"Indenture between John Bradburne of Hoghe, Co. Derby, Esq. and Ann, his wife of the one part, and Sir Nicholas Longford, Knt., Henry Vernon, Esq., Nicholas Montgomery, Esq., John Cokayn, Esq., Richard Knyveton, Esq., John Fitzherbert, son and heir apparent of Rauff Fitz Herbert of Norbury, Rauff Okeover, son and heir apparent of Philip Okeover, John Kniveton of Underwoode, Humphrey Okeover, son and heir apparent of the said Rauff Okeover, Robert Bradshawe of Wyndeley, Sir Henry Prynce, parson of the Church of Norbury, and John Northampton, vicar of the Church of Assheburne, feoffees in certain lands &c. to the use of said John and Anne-Witnesseth that John and Anne at the desire &c. of Anne have caused Sir Nicholas &c. to be enfeoffed of a messuage,and 8 oxgangs of land in Lytteel Bradburne and of all other lands &c. which were some time of John de Pole of Hertynton, in the town &c. of Lytteel Bradburne and of [another messuage] and 2 oxgangs of land in Lytteel Bradburne and of certain lands in Kirk Ireton Newbigging and Boylston, Co. Derb. and of a tenement and close in Bigging and of a [messuage], and a croft there, And had surrendered to the feoffees in the King's, Courts of Duffield and Wirksworth Copyhold estates in Kirk Ireton and Belper to the uses after mentioned said John and Anne charge the feoffees that conable preest be kept and had to Pay divine service in the Chapel of our lady edified in the Manor of Hoghe in Co. Derb. abovesaid to pray for the good estate of said John and Anne while living, and for their souls when dead, and also for the souls of Henry Bradburne and Margery his wife,* father and mother of said John, And also for the souls of Sir Richard Vernon, Knt. and Dame Bennet his wife, father and mother of Sd Anne, and for the soul of Roger Vernon, brother of said Ann to whom she was executrix, and by whose goods part of said lands were purchased, And for the good estate of Humphrey Bradburne, son and hr of said John and Anne, and of Margaret, wife of said Humphrey daughter to Sir Nicholas Longford and sister to Sir Nicholas Longford, Knt. that now is and for their souls when dead, and for the good estate of Rauff Okeover, son and heir apparent of Philip Oheover, and of Ann wife, of said Rauff eldest daughter of said John Bradburne and Anne, and of Isabell Bradburne second daughter of said John and Anne, and for her husband as God will provide +, and of John Fitzherbert son and heir apparent of Rauff Fitzherbert of Norbury, and of Bennet his wife 3rd daughter of said John Bradburne and Ann, and for their souls when dead, and for the souls of all the children of said John Bradburne and Sir Richard Vernon and for all the souls of the feoffees when dead and for their good estate while living. And the said John Bradburn and Ann willed that the priest should have all the profits of said lands, and the priest was not to be otherwise attendant on the inheritor of the Hoghe for the time being, but only in divine service, and that he be resident as a Vicar in his vicarage in a tenement in Holland, late in the holding of Henry Harper, and after of Tho. Key, and he was to perform daily service according to the ordinale so that he say his mass in said chapel at Hoghe, and to say on every week placibo dirigo et connendacion of Reqem, and on the friday maps of Ihu and sometime of the Cross, And daily at his mass, or (ere) he go to his lavatory after the gospel, to say in open voice for the souls of John Bradburne and Anne his wife founders of the mass and all Xten souls De profundis with the Collect Incline &c. ut animas famulor' tuor' fundator'; and the Chapel was to be repaired at the charge of the heirs of the inheritance of Hoghe, and the prieste was to do no injury to the parish church of Assheburne in Offerings or otherwise, And after the decease of John and Anne the heir of the house of Hoghe and the Vicar of Assheburne together should have the nomination of the Chaplain, but if they disagreed the Abbot of Darley was to have the appointment and the priest was to make an Obit at his own Cost in the church of Ashburne on the day of the death of said John B. the said obit to be done by the Vicar of Ashburne, the said priest and the priests and clerks of Ashburne, &c.#"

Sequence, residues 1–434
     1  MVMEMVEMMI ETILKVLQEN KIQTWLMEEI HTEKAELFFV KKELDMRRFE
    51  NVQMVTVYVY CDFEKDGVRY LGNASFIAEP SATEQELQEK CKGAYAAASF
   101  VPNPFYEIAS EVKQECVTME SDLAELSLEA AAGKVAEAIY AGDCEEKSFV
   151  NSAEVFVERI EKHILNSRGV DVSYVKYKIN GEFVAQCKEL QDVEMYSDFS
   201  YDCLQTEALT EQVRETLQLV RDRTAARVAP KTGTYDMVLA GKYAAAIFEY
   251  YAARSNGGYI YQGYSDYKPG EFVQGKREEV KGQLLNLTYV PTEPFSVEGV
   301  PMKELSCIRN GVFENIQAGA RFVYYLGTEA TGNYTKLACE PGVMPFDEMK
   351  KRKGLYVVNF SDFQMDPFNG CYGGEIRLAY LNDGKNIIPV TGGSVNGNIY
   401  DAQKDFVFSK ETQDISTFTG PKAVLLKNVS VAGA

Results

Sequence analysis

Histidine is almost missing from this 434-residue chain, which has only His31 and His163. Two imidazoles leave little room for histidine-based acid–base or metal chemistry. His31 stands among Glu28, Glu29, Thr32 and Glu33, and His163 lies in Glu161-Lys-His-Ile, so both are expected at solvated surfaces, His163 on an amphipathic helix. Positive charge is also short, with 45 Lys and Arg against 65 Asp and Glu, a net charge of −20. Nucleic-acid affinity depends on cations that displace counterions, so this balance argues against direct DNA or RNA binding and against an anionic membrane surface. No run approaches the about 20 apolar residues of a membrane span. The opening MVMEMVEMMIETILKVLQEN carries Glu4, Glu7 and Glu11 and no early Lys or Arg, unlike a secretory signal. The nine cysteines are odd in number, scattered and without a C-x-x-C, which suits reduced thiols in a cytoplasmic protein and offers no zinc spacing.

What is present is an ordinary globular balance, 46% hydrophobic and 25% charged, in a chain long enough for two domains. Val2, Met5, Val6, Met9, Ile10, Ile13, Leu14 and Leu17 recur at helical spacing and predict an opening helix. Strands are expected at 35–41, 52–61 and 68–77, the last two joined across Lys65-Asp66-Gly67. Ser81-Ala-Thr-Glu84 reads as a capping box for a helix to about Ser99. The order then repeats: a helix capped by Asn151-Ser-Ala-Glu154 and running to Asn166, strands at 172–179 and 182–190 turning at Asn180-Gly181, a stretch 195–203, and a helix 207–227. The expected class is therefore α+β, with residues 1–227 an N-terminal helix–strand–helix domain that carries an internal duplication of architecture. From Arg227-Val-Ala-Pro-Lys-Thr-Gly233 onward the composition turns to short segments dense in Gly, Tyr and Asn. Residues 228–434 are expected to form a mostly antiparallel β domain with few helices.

* Margery was the daughter of Sir John Bagot of Blithefield, Staffordshire